Theobald Street runs from the centre of Borehamwood to the centre of Radlett.
Theobald Street was, until the twentieth century, the high street of Borehamwood. Shops ran along the street between the Crown pub and Brickfield Cottages
but only with the arrival of the film industry did Shenley Road
begin to take over this function.
The "street" part of the name is derived from an often-used Hertfordshire term for a hamlet which lies on a long road - other examples are Colney Street and, more locally, Green Street. In modern times the street was named after that of the hamlet - this is the reason it is a ’street’ rather than a ’lane’, despite its rural setting.
Theobald Street was, were created as a result of the Enclosure Act of 1776, whereby Boreham Wood Common was divided up amongst various landowners.
While associated more now with Borehamwood, the hamlet of Theobald Street lay nearer what is now Radlett and indeed was a former alternative name for Radlett. In 1718 the bridge over a stream between Radlett and Colney Street - called High Bridge - was sometimes described as being in the hamlet of Theobald Street. The line of Theobald Street south from Radlett was at first just a footpath.
Before the name settled into the modern form, Theobald Street was also called Tiberstreet, Tibure Street, Theebald Street, and Tyteburst Street. In the Domesday Book it was called Titeberst.
Elstree, the oldest part of the parish, came into the possession of St Albans Abbey in 1188, when it was known as Tidulfes Treow and Borehamwood as Bosci di Borham. Both names have undergone various changes and spellings over the centuries, and many older residents still prefer to spell Boreham Wood as two words.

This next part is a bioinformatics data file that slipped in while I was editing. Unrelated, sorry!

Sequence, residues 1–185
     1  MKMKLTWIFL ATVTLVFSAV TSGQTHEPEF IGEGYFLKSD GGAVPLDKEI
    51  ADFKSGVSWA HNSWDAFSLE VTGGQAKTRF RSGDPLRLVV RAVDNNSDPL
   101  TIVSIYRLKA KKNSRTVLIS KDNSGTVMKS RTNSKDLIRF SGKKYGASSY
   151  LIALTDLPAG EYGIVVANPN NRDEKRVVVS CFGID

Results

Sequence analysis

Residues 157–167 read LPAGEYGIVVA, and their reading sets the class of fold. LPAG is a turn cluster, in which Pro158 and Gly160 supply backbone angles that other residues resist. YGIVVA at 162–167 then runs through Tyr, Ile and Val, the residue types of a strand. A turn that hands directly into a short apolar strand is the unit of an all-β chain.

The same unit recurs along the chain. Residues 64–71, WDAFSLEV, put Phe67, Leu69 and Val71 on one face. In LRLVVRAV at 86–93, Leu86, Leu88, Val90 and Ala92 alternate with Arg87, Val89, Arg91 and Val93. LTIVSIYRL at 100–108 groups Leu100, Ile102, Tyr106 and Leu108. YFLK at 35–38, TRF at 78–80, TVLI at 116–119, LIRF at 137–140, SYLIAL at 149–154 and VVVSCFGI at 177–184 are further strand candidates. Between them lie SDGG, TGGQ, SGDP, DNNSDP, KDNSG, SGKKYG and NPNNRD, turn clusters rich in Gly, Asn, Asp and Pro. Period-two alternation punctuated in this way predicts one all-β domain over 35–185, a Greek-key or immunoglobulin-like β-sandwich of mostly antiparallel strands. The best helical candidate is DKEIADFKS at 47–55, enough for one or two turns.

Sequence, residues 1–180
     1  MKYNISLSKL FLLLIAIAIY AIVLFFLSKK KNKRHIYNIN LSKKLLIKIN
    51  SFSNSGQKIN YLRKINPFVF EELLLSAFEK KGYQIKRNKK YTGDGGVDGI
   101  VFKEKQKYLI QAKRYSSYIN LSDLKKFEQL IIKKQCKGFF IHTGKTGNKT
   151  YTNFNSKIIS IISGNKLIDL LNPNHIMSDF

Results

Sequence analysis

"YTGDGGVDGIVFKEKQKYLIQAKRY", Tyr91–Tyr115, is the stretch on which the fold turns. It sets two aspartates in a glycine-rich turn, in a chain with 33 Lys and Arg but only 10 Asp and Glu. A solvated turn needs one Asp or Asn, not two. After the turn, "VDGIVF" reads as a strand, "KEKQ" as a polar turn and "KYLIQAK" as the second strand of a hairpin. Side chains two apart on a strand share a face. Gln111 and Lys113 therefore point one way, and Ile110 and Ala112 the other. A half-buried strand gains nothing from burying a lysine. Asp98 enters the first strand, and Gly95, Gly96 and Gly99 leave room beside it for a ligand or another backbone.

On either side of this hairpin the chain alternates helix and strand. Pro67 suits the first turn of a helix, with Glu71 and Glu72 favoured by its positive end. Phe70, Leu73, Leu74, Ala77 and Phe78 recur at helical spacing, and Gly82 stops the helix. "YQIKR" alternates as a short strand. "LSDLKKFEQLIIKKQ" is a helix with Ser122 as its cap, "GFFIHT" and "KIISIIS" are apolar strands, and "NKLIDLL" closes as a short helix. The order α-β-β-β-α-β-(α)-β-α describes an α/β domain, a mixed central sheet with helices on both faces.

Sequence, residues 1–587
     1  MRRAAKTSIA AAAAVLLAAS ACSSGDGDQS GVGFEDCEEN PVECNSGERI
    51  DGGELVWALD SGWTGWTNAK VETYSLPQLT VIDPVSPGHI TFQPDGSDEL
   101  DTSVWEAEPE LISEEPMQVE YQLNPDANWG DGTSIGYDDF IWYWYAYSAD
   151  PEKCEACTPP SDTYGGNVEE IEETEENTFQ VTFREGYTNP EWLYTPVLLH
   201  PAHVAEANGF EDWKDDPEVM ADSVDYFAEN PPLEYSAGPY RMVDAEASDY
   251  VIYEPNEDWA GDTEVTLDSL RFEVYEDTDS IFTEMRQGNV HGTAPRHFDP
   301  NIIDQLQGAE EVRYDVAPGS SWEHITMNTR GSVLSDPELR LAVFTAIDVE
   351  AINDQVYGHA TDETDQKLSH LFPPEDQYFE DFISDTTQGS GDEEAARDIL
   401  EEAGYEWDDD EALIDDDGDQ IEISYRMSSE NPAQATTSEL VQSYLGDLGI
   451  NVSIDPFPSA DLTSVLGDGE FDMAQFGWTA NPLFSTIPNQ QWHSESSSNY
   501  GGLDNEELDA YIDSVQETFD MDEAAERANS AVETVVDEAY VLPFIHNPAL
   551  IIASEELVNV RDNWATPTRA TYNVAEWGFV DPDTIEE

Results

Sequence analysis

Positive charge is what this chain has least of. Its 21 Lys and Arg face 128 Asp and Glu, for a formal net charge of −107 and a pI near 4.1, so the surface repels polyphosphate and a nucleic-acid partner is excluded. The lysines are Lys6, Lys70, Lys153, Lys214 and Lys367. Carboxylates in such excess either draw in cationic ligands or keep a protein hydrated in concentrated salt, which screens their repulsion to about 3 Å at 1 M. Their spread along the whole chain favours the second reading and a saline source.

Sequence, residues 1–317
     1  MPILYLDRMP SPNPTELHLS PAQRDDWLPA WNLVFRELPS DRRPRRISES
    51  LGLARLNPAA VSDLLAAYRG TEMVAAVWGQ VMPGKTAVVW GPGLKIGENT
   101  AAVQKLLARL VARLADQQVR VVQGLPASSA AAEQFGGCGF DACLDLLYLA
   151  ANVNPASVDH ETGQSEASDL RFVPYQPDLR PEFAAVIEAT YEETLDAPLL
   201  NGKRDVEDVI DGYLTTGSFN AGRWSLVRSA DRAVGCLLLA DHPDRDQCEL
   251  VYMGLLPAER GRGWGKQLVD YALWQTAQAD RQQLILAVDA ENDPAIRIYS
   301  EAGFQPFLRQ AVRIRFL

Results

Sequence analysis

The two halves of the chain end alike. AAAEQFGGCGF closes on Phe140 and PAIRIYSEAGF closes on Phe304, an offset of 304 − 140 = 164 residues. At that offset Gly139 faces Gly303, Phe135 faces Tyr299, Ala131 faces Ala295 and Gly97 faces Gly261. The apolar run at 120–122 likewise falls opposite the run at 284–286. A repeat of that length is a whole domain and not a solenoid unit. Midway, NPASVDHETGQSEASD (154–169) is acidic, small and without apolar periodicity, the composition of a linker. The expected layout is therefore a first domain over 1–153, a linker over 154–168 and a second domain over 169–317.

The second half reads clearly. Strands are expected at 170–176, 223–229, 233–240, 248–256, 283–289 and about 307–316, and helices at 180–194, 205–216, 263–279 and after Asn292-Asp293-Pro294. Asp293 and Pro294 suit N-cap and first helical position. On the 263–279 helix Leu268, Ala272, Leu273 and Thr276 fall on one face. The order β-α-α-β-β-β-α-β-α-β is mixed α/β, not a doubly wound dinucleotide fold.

Older local roads, including Barnet Lane, Furzehill Road
, Shenley Road
, Allum Lane
and the Borehamwood end of Theobald Street, were created as a result of the Enclosure Act of 1776, whereby the 684 acres of Borehamwood Common were divided up amongst various landowners, including the Church, and in return new roads were laid out which were to be sixty feet wide including verges.
By Victorian times this part of the Parish consisted of little more than a hamlet, clustered around Theobald Street, north of the junction with Shenley Road
, and surrounded by farms.
A shopping parade on the east of the street was built in 1871, and once known as Robinson’s Folly. Its builder, Robinson - the footbridge over the railway was also named after him - was ridiculed at the time for his ’follies’ but some 150 years later, his shops are still here.
A small school opened at 27a Theobald Street in 1896. Since the introduction of the Education Act in 1870, making it compulsory for children under the age of ten to go to school, another building down the road at number 35 had been used as a temporary infants’ school for the area. Older pupils had to walk to the Elstree National School or Medburn Boys’ School, which was on the route to Radlett.
In 1896, 27a Theobald Street was erected. It is thought to have been constructed using bricks mined from a quarry off Deacons Hill Road
, in Elstree. The building was also used by Elstree and Borehamwood Town Council, for meetings in the early 20th century.
The Old Crown - north of the later Crown pub - dates back to at least 1769 although rebuilt in the late 1800s.
A war memorial was placed at the junction of Theobald Street and Shenley Road
. It was dedicated on 20 October 1921. Before that, an animal pound with a pond stood close to the site and stray farm animals would be left there for collection by their owners.
Before World War Two, there were Nissen Huts which housed troops from the Royal Ordinance Corps on the site later occupied by the Kinetic Business Centre. The troops did some of their training in the film studios.
The growth of Borehamwood proceeded rapidly in the 1940s and 1950s. It was reported that Elstree Rural District Council built 1500 homes between 1945 and 1956, the London County Council 2700 homes, and 550 private dwellings were constructed. In 1957-8, the War Memorial moved from Theobald Street to the Elstree Way end of Shenley Road
. A number of residential properties still remained in Shenley Road
and some residents still talk of ‘going down the village’ when referring to this shopping centre. Shenley Road
by then had taken over completely from Theobald Street as the centre of the growing town.